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Costs and consequences of natural hazards can be enormous; each year more people and infrastructure are at risk. We develop and apply hazards science to help protect U.S. safety, security, and economic well being. These scientific observations, analyses, and research are crucial for the Nation to become more resilient to natural hazards.Read Our Science Strategy
Magnetic monitoring in Saguaro National Park
On a sandy, arid plain, near the Rincon Mountain Visitor Center of Saguaro National Park, tucked in among brittlebush, creosote, and other hardy desert plants, is an unusual type of observatory—a small unmanned station that is used for monitoring the Earth’s variable magnetic field. Named for the nearby city of Tucson, Arizona, the observatory...Love, Jeffrey J.; Finn, Carol; Gamez Valdez, Yesenia C.; Swann, Don
Finite‐fault Bayesian inversion of teleseismic body waves
Inverting geophysical data has provided fundamental information about the behavior of earthquake rupture. However, inferring kinematic source model parameters for finite‐fault ruptures is an intrinsically underdetermined problem (the problem of nonuniqueness), because we are restricted to finite noisy observations. Although many studies use least‐...Clayton, Brandon; Hartzell, Stephen; Moschetti, Morgan P.; Minson, Sarah E.
Geodetic slip model of the 3 September 2016 Mw 5.8 Pawnee, Oklahoma, earthquake: Evidence for fault‐zone collapse
The 3 September 2016 Mw 5.8 Pawnee earthquake in northern Oklahoma is the largest earthquake ever recorded in Oklahoma. The coseismic deformation was measured with both Interferometric Synthetic Aperture Radar and Global Positioning System (GPS), with measureable signals of order 1 cm and 1 mm, respectively. We derive a...Pollitz, Fred; Wicks, Charles W.; Schoenball, Martin; Ellsworth, William L.; Murray, Mark
The morphology of transverse aeolian ridges on Mars
A preliminary survey of publicly released high resolution digital terrain models (DTMs) produced by the High Resolution Imaging Science Experiment (HiRISE) camera on Mars Reconnaissance Orbiter identified transverse aeolian ridges (TARs) in 154 DTMs in latitudes from 50°S to 40°N. Consistent with previous surveys, the TARs identified in HiRISE...Geissler, Paul; Wilgus, Justin T.
Advanced National Seismic System—Current status, development opportunities, and priorities for 2017–2027
SummaryEarthquakes pose a threat to the safety of over 143 million people living in the United States. Earthquake impacts can be significantly reduced if communities understand their risk and take proactive steps to mitigate that risk. The Advanced National Seismic System (ANSS) is a cooperative effort to collect and analyze seismic and geodetic...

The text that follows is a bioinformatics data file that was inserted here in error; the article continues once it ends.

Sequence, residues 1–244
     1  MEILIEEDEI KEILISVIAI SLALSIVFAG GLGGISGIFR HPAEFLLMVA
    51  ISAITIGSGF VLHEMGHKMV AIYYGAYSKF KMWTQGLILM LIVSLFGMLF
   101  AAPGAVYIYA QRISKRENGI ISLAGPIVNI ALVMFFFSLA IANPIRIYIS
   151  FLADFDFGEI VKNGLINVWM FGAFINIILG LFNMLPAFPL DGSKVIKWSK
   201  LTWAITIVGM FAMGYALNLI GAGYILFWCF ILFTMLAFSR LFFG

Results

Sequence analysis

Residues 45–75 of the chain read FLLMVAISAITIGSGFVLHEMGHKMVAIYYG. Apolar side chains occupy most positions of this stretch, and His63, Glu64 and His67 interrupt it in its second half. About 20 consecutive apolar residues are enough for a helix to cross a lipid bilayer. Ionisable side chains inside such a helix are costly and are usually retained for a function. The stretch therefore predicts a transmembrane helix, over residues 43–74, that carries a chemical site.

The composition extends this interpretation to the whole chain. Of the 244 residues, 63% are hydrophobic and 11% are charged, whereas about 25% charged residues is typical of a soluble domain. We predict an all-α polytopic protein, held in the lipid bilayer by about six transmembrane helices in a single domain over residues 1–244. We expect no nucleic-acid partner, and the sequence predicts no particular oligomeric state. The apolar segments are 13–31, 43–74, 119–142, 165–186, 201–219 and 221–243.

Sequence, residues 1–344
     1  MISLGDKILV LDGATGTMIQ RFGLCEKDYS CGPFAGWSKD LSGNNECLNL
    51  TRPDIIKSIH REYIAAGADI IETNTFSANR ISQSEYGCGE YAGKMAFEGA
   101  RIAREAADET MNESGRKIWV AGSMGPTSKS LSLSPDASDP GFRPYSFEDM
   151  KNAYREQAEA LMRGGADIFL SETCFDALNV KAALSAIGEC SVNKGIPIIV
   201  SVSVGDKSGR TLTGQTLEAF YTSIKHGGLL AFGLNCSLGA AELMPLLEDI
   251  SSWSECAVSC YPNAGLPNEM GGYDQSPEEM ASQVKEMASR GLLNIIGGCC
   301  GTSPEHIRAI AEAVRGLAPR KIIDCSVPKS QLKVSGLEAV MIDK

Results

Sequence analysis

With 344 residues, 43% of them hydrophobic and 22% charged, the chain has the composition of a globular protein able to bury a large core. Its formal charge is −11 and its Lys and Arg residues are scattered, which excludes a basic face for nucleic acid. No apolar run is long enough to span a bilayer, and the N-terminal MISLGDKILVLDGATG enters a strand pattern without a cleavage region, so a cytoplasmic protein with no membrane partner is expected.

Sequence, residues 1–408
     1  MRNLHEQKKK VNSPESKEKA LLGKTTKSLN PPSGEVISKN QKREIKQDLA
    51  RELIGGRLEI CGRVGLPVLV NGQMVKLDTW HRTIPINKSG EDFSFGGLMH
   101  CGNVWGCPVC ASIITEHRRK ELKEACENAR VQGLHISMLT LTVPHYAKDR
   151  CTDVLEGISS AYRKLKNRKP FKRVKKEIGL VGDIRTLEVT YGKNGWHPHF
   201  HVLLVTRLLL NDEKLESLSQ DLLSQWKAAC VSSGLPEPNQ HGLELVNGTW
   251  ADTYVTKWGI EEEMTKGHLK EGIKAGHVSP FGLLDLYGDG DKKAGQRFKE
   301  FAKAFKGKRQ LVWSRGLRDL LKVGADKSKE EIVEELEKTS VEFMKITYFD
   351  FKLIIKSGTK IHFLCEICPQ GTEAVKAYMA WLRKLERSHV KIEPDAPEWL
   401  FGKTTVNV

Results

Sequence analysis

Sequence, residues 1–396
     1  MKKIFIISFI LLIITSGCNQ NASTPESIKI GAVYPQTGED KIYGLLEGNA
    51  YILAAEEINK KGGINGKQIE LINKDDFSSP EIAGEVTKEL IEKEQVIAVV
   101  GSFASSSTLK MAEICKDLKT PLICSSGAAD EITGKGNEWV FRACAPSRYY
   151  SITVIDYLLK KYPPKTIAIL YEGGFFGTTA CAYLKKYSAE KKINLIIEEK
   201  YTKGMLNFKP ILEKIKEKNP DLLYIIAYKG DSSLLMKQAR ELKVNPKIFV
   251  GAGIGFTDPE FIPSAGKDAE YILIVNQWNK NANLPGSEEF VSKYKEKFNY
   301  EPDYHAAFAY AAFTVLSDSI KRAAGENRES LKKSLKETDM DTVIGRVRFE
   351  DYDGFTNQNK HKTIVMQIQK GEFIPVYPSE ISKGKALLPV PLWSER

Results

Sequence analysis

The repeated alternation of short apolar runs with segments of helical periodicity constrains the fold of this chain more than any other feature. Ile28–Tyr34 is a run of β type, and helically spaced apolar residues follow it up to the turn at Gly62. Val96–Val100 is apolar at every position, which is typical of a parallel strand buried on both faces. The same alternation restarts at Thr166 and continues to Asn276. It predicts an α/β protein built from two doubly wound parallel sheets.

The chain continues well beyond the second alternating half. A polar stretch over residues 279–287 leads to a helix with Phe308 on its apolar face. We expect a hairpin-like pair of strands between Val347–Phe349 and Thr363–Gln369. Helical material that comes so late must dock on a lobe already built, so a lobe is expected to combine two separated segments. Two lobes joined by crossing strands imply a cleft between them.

3.5 square meters: Constructive responses to natural disasters
Natural disasters and their consequences dominate the news almost on a daily basis. Quick-impact preventive and aid measures are essential for the victims to survive. This volume presents a selection of projects which demonstrate impressively how both cutting-edge technology and locally available materials and resources can be used for this...Vinitsky, Maya
Geomorphological evidence for ground ice on dwarf planet Ceres
Five decades of observations of Ceres suggest that the dwarf planet has a composition similar to carbonaceous meteorites and may have an ice-rich outer shell protected by a silicate layer. NASA’s Dawn spacecraft has detected ubiquitous clays, carbonates and other products of aqueous alteration across the surface of Ceres, but surprisingly it has...Schmidt, Britney E.; Hughson, Kynan H.G.; Chilton, Heather T.; Scully, Jennifer E. C.; Platz, Thomas; Nathues, Andreas; Sizemore, Hanna; Bland, Michael T.; Byrne, Shane; Marchi, Simone; O'Brien, David; Schorghofer, Norbert; Hiesinger, Harald; Jaumann, Ralf; Hendrick Pasckert, Jan; Lawrence, Justin D.; Buzckowski, Debra; Castillo-Rogez, Julie C.; Sykes, Mark V.; Schenk, Paul M.; DeSanctis, Maria-Cristina; Mitri, Giuseppe; Formisano, Michelangelo; Li, Jian-Yang; Reddy, Vishnu; Le Corre, Lucille; Russell, Christopher T.; Raymond, Carol A.
Crater density differences: Exploring regional resurfacing, secondary crater populations, and crater saturation equilibrium on the moon
The global population of lunar craters >20 km in diameter was analyzed by Head et al., (2010) to correlate crater distribution with resurfacing events and multiple impactor populations. The work presented here extends the global crater distribution analysis to smaller craters (5–20 km diameters, n = 22,746). Smaller...Povilaitis, R Z; Robinson, M S; van der Bogert, C H; Hiesinger, Harald; Meyer, H M; Ostrach, Lillian
Bedrock and structural geologic maps of eastern Candor Sulci, western Ceti Mensa, and southeastern Ceti Mensa, Candor Chasma, Valles Marineris region of Mars